After the collapse of the financial markets caused by the reckless use of mortgage-backed securities and the concomitant collapse of the real estate markets, workers every where were severely affected. From the loss of value in their homes to the loss of their jobs, the great recession left many workers in desperate financial positions.
Many, after a job loss, were forced to use unemployment insurance as they looked for new jobs. Against this backdrop, the Social Security Administration saw increases in applications for Social Security Disability Insurance (SSDI) benefits. This increase has been ongoing over the last few decades, but some critics of the SSDI program used these two occurrences as an excuse to attack SSDI.
They claimed the program is full of fraud, and that millions of unemployed workers were flooding the program with applications for SSDI benefits after their unemployment insurance had run out.
A study by a team of university researchers from Columbia and Berkeley has found that there is no significant statistical connection between worker’s expiration of the unemployment benefits and the increase in SSDI applications.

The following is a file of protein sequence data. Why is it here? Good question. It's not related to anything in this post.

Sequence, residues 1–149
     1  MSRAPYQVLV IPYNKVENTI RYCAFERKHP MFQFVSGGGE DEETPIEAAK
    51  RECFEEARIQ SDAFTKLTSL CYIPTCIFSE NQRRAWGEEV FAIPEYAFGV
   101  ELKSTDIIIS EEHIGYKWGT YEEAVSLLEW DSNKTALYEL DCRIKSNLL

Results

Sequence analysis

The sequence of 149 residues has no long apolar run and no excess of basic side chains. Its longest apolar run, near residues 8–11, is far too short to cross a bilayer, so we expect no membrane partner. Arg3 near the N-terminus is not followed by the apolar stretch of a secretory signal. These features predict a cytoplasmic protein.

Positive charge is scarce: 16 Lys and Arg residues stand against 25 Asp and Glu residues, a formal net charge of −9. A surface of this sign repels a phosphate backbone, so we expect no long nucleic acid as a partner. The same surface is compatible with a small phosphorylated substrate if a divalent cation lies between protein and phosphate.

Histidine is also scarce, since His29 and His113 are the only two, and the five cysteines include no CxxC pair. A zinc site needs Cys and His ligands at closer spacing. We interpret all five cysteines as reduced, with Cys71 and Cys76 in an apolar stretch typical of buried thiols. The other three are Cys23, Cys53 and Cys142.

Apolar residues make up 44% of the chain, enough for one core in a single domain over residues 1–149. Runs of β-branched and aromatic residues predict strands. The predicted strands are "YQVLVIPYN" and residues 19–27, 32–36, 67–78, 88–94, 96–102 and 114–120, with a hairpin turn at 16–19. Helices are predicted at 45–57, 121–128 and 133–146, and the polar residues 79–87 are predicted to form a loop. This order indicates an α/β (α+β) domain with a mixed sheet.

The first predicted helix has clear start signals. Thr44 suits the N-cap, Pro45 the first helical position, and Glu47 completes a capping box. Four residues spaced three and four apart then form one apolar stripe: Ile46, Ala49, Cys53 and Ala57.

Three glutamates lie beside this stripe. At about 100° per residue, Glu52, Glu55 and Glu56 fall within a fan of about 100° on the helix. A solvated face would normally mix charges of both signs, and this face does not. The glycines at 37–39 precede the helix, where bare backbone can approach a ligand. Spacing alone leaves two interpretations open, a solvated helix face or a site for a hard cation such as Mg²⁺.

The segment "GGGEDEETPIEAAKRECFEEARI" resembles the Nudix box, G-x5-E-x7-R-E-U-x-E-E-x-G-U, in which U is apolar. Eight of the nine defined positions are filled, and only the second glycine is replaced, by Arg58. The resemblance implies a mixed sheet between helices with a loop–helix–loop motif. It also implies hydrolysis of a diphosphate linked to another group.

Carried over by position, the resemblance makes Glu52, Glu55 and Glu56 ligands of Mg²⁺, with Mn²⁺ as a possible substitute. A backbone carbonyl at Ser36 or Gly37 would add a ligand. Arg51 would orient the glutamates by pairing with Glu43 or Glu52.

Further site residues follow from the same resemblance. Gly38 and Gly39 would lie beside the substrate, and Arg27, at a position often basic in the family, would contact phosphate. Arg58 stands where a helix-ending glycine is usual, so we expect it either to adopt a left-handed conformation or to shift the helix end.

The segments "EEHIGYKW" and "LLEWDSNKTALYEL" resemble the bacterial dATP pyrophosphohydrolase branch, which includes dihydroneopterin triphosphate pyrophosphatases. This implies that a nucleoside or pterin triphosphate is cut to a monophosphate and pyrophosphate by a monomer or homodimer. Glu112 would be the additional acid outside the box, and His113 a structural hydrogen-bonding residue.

The lead author of the study said, “[T]here is no convincing evidence that workers whose unemployment benefits have expired apply for disability insurance on a large scale.”
We have always thought it highly unlikely that workers who had exhausted their unemployment insurance could successfully apply for SSDI benefits, since a great majority of them would not have the necessary medical impairment that would allow them to qualify for SSDI.
The study found that less than 2 percent of workers who had exhausted their unemployment insurance even applied for SSDI.
Source: Sacramento Bee, “Study Reveals New Insight About Social Security Disability Benefits Amid Agency’s Influx Of Problems,” PRNewswire, February 10, 2014